This passage marks a significant change from the initial plant-based diet provided in Genesis 1:29-30. Now, the Lord allowed people to eat meat (Genesis 9:3). This permission did not imply the unlimited meat eating of every kind of animal. The phrase, “Every moving thing that lives,” clearly eliminates the eating of unclean animals which the Mosaic law specifically forbade (Exodus 22:31; Leviticus 22:8). Noah knew about the distinction between the clean and unclean beasts when he took animals into the Ark (Genesis 7:2). For he offered only clean animals as his burnt offering to the Lord (Genesis 8:20).

This distinction was known to early man so well that it was not necessary for God to draw Noah’s special attention to it. It was only when this distinction had been lost through the centuries of man’s separation from God that new and written laws were given regarding clean and unclean animals (Leviticus 11; Deuteronomy 14). The unchanging character of God (James 1:17) prevents us from interpreting Genesis 9:3 as permission to kill and eat all creatures without distinction. Animals that were unclean for one purpose could not have been clean for another.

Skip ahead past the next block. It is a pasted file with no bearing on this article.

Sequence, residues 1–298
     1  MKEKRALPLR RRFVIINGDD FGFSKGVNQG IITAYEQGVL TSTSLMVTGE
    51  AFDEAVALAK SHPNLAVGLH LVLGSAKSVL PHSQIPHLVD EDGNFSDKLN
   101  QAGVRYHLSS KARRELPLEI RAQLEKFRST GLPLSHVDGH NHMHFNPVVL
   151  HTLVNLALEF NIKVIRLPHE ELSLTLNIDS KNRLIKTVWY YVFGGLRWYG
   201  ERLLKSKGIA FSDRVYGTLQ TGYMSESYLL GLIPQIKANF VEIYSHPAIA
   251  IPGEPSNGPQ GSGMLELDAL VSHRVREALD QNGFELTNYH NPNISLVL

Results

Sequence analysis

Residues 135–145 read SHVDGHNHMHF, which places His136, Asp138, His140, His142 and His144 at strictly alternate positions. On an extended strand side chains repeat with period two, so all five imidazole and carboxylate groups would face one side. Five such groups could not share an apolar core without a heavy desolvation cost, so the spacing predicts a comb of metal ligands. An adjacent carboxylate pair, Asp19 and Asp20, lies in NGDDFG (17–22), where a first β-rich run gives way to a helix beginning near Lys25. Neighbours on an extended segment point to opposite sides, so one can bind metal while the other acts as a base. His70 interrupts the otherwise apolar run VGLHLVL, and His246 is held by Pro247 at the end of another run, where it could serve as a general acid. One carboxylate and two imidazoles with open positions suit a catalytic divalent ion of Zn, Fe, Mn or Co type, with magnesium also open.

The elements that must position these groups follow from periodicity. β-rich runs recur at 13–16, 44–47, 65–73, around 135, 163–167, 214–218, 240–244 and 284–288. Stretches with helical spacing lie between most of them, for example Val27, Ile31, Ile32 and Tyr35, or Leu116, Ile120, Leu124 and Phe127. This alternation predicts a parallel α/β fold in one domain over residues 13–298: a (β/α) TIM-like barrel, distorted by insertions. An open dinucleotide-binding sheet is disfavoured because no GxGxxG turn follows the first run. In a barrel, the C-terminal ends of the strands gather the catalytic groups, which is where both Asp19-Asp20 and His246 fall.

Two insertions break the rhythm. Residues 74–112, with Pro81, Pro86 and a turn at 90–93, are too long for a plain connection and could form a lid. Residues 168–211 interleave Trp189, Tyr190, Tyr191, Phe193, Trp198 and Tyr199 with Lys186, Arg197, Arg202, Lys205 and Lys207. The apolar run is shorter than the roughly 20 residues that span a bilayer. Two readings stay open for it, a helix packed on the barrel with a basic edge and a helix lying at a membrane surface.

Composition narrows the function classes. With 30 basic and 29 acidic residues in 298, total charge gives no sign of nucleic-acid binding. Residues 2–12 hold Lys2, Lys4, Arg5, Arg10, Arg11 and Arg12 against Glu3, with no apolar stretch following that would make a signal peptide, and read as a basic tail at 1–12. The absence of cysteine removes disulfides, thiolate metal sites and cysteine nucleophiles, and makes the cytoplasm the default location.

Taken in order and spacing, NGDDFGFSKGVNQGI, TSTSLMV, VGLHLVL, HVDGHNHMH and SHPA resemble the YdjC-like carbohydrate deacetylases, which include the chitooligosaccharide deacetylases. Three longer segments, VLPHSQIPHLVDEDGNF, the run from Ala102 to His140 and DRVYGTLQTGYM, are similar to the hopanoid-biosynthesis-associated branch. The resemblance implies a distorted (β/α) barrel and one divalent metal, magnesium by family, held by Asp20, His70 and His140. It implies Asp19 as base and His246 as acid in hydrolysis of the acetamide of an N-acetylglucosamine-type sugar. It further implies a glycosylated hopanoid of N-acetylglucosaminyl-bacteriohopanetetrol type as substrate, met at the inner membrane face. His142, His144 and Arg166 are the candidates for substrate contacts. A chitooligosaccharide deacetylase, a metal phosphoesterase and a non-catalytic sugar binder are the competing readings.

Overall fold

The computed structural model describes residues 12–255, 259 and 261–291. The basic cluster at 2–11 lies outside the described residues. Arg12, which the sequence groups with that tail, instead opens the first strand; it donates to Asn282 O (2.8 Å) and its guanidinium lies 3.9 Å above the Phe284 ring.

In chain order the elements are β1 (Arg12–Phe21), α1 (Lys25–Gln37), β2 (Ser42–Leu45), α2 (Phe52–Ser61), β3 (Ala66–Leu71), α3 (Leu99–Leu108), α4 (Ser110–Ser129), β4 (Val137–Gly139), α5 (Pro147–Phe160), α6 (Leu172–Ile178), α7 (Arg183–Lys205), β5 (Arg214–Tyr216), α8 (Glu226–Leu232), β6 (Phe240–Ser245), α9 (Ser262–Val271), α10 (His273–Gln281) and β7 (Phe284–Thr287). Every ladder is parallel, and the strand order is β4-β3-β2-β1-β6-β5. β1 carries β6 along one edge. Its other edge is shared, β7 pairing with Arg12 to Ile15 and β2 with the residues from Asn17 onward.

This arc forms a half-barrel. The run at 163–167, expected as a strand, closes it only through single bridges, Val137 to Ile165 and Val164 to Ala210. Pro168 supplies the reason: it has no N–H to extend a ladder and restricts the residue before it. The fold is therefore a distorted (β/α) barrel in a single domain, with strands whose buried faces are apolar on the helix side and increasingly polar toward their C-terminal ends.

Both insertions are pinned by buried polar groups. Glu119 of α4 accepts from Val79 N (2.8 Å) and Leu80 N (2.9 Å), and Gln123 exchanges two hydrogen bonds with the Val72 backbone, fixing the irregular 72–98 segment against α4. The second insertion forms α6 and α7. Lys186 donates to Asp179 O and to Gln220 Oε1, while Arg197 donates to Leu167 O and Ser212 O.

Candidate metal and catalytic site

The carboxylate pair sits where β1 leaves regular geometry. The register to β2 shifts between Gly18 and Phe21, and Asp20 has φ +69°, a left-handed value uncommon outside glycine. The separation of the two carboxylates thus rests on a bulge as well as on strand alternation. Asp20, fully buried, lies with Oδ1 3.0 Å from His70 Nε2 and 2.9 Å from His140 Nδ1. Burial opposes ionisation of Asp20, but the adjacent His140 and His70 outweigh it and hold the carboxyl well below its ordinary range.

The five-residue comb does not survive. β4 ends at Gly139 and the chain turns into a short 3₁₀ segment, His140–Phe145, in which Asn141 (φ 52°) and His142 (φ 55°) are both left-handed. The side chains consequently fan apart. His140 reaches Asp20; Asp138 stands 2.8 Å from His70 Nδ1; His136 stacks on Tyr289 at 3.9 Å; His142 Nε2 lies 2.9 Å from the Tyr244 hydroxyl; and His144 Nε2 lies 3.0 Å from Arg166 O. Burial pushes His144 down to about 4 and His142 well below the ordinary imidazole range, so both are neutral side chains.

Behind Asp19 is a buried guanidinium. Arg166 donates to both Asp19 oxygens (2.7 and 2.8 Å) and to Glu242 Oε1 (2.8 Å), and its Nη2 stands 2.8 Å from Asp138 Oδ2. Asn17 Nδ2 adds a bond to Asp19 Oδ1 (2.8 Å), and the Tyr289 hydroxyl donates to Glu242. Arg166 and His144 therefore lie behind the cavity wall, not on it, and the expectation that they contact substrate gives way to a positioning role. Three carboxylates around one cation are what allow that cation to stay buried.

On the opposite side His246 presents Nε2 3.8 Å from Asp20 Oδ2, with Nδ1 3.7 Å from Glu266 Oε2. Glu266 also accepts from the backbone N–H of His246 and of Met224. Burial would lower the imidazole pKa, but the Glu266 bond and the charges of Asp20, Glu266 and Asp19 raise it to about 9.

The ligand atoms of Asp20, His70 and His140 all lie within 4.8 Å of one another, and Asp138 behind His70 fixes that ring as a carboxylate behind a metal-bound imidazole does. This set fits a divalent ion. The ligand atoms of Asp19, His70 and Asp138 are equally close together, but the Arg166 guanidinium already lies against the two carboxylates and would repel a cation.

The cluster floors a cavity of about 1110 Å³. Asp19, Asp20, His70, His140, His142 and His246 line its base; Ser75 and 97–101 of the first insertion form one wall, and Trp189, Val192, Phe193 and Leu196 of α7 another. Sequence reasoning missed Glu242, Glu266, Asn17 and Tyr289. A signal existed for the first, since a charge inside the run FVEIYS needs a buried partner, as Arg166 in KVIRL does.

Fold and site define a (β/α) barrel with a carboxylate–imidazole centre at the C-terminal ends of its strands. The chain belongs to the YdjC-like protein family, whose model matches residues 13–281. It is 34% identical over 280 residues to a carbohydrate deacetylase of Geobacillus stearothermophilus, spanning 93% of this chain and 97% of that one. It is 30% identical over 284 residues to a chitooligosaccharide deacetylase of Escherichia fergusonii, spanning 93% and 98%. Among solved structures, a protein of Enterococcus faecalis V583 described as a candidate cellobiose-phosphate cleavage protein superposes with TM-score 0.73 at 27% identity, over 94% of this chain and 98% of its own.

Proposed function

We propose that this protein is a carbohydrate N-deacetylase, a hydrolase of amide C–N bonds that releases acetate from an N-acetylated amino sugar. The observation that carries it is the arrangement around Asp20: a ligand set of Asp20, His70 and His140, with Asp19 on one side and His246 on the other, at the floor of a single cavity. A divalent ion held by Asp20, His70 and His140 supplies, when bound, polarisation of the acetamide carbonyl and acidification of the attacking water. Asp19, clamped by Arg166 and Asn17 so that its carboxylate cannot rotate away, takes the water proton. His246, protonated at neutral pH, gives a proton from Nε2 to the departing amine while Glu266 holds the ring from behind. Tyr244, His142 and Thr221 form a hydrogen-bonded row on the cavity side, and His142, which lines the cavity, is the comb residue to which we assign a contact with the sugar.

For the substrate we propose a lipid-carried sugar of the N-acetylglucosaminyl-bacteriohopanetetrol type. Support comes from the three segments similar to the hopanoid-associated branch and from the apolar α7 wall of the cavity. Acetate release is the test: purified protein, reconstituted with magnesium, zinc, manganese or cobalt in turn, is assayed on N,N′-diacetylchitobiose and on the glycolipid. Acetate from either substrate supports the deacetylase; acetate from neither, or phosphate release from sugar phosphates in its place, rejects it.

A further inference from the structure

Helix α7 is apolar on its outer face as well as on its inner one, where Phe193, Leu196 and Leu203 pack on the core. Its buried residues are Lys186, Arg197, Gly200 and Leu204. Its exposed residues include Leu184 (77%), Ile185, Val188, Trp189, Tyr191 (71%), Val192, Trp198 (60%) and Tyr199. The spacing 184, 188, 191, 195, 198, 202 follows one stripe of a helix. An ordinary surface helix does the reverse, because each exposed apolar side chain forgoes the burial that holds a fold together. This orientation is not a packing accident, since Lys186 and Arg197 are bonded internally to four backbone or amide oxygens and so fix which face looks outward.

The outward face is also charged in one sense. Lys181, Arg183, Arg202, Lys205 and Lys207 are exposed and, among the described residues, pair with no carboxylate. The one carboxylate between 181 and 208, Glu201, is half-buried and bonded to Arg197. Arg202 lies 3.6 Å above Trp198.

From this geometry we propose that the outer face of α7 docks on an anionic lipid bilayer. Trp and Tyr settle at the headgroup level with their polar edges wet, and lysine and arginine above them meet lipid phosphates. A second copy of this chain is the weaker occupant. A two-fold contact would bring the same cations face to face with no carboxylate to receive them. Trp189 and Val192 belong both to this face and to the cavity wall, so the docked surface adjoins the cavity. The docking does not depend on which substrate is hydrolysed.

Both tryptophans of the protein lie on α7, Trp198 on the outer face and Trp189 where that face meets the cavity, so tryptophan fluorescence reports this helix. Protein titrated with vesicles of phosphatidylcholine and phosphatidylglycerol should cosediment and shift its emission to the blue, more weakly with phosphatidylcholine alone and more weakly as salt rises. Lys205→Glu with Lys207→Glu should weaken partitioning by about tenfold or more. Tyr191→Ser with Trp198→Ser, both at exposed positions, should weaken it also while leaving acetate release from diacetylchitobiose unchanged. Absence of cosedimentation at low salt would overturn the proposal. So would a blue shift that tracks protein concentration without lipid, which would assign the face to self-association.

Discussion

Conditions and Restrictions on the Eating of Meat

While Genesis 9:3 permits the consumption of meat, it is immediately followed by a crucial restriction in Genesis 9:4: “But you shall not eat flesh with its life, that is, its blood.” This prohibition against consuming blood underscores the sacredness of life, represented by the blood, and establishes an important boundary in the consumption of meat.

Significance of the Change

The post-Flood world presented new challenges and possibly harsher conditions for survival. The inclusion of animals in the human diet could be seen as a practical adaptation to these new conditions, providing a broader range of nutritional resources.

Dietary Practices in the Mosaic Law

The Mosaic Law includes detailed regulations regarding clean and unclean animals, sacrificial practices, and further elaboration on the prohibition against consuming blood.

Leviticus 11 and Deuteronomy 14 provide comprehensive lists of clean and unclean animals, distinguishing which animals can be eaten and which cannot. For instance, Leviticus 11:2-3 states: “Speak to the children of Israel, saying, ‘These are the animals which you may eat among all the animals that are on the earth: Among the animals, whatever divides the hoof, having cloven hooves and chewing the cud—that you may eat.'”

These laws serve multiple purposes, including health and purity.


The permission to eat meat, as first granted by God to Noah and his descendants in Genesis 9:1-3, marks a significant shift in the biblical narrative. This change, framed within the context of the post-Flood covenant, highlights the practical adaptation to a new world. The accompanying restriction against consuming blood in the meat underscores the sanctity of life and sets a precedent for later dietary laws.

In His service,
BibleAsk Team